We became engaged in 1954. I loved my ring. Peter couldn’t afford a lot, but I didn’t care a bit. (When we had been married 50 years I had the white zircons replaced with diamonds.)
Our married life started on 5 March 1955. Peter was in the Merchant Navy sailing to the USA and Canada. 28 days away with only a few days at home, so it was a bit of a rush as we wanted to get married. We had hardly any money so I borrowed my wedding dress and two bridesmaids dresses. My parents didn’t attend our wedding. I had left home several months before. Peter’s parents were divorced, that was disgraceful in my parents eyes. My life was made so miserable, so I left.
My eldest brother gave me away. I arrived at the Church in a blizzard. We couldn’t have any photos outside but we didn’t care, we were getting married. We had one pound between us. I had that for my fare to work and Peter hitched to the docks as he rejoined ship on the Wednesday. We spent our honeymoon in our one room flat in Plaistow E13.
When Peter's ship docked, it was mostly in Liverpool. He very rarely came into London dock so when he docked in Liverpool, I would leave work on the Friday and travel by train so we could spend a few days together. We were married nearly three years, and it was on the last trip I made that I broached the idea of starting a family. Peter wasn’t very keen on the idea. He thought of me on my own with a baby, but I managed to talk him round. We had bought a little Victorian terraced house in Barking, Essex. My two brothers and sister lived nearby. We paid the sum of 500 pounds for our little bit of paradise.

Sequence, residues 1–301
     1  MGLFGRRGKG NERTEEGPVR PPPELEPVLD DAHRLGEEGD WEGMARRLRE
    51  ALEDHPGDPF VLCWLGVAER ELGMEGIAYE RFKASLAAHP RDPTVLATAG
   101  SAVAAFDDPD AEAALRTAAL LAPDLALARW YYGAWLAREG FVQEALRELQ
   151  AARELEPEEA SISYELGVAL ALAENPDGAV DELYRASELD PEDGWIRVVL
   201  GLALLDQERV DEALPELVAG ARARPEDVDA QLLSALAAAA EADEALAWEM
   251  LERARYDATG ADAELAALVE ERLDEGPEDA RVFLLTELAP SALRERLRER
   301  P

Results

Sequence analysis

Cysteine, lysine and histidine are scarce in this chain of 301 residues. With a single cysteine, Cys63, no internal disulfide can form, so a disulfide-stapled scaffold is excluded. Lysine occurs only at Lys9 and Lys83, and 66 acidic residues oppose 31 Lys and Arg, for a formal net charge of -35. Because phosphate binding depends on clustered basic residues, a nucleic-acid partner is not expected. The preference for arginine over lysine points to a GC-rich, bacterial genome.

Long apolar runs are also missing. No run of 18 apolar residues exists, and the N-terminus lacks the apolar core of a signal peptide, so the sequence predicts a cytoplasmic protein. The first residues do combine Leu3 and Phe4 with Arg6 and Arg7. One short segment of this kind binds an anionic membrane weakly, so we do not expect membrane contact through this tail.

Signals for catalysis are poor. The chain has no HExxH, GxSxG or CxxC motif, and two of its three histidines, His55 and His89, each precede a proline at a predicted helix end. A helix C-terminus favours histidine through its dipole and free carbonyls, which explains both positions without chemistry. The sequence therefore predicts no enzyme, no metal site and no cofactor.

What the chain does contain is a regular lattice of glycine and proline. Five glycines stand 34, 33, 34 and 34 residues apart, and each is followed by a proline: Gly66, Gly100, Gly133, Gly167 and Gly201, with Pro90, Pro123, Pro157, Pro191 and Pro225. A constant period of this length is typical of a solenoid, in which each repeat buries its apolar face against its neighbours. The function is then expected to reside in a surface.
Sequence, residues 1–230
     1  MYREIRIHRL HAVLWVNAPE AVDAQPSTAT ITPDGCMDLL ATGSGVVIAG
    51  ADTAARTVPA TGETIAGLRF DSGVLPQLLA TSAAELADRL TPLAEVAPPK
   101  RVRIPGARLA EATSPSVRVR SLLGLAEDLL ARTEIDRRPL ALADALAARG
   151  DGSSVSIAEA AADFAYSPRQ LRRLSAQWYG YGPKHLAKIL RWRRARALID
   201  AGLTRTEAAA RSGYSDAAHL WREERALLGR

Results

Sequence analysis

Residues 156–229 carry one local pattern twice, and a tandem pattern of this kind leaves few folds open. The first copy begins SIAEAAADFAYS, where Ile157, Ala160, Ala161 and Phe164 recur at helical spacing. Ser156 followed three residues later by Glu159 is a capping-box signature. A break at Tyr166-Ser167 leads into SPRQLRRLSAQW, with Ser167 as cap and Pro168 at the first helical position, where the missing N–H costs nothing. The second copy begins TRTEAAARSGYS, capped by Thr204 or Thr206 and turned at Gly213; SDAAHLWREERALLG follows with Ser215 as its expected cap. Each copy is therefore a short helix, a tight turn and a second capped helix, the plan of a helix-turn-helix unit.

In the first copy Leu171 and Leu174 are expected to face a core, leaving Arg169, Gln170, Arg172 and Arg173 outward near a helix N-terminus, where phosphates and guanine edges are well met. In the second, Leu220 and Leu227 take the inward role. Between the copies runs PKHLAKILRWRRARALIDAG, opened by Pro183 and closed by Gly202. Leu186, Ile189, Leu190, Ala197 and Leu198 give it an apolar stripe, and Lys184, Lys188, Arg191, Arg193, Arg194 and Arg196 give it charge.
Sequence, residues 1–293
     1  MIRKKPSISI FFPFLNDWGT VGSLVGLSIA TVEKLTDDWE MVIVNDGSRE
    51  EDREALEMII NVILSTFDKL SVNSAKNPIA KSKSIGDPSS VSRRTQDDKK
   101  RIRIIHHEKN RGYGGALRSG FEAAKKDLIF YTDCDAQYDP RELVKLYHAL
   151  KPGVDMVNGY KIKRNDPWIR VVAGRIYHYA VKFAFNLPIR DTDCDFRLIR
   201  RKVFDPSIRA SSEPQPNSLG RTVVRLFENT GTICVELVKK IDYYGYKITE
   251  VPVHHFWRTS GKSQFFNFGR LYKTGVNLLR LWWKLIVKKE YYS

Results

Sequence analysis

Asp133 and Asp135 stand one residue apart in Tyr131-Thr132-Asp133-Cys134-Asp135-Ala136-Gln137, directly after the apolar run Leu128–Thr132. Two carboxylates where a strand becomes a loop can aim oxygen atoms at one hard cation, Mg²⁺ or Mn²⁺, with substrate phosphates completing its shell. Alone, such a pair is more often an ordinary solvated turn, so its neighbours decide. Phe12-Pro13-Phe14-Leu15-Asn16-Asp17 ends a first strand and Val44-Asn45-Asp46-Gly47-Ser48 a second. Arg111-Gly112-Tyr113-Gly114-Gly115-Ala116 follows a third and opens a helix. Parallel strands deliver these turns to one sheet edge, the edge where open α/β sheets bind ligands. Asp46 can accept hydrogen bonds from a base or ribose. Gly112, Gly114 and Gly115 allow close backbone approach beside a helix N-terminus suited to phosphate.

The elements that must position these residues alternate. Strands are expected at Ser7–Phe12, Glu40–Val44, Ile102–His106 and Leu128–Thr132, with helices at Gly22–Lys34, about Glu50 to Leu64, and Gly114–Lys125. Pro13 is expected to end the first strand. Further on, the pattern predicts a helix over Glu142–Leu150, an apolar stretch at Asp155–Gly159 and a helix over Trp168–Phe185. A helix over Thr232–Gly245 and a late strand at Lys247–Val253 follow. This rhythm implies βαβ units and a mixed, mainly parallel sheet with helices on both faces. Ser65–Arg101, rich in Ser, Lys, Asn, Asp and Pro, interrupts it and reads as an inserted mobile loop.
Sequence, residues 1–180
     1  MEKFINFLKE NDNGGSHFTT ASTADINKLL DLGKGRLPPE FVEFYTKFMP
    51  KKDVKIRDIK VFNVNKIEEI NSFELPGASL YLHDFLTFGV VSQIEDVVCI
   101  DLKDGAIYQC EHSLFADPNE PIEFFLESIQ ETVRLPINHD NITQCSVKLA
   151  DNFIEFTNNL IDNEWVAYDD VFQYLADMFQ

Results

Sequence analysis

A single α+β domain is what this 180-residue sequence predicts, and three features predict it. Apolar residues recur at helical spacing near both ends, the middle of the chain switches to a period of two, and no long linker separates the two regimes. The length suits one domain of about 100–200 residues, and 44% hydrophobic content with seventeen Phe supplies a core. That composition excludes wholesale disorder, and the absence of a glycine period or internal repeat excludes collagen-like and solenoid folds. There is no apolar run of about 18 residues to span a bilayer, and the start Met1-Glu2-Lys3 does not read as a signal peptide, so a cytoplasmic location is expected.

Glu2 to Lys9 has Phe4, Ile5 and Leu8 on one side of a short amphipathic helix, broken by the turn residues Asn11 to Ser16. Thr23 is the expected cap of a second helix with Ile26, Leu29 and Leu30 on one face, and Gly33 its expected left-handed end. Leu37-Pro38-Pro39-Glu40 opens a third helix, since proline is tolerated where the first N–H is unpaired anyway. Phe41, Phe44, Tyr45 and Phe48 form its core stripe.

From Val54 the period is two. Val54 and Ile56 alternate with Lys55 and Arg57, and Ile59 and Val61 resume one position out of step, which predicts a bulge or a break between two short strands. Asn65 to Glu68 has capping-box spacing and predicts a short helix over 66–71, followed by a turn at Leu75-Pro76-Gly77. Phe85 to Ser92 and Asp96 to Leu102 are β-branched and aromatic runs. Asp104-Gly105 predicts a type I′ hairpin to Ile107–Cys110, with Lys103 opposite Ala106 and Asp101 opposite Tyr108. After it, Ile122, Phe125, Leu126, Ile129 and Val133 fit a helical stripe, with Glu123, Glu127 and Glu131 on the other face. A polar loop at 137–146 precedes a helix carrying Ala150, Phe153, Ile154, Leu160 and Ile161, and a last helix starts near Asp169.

Starting a Family: Challenges and Joys Along the Way
Our baby boy Mark was born on 4 July 1958. Peter was home on leave for the birth. He arrived at the hospital with a huge bunch of flowers. They were awful. They filled five vases. The very next day when the nurses had all changed, these vases were held aloft for anyone to claim them. Needless to say, I made a quick dash to the toilet.
When Mark was 10 weeks old, Peter returned to sea. He had now signed on to do the long trips to Australia, New Zealand and South Africa. We needed the money. I was fortunate my two brothers were very protective of my sister and I and as they lived just around the corner, I saw them nearly every day. Also my eldest brother was married with two little girls so I was never lonely. Although I would never really make a sailor’s wife because I missed Peter so much. When Peter came home after an Australian trip he could not believe how much Mark had grown. He was away for Mark’s 1st Birthday but sent a huge birthday cake which was enjoyed by all.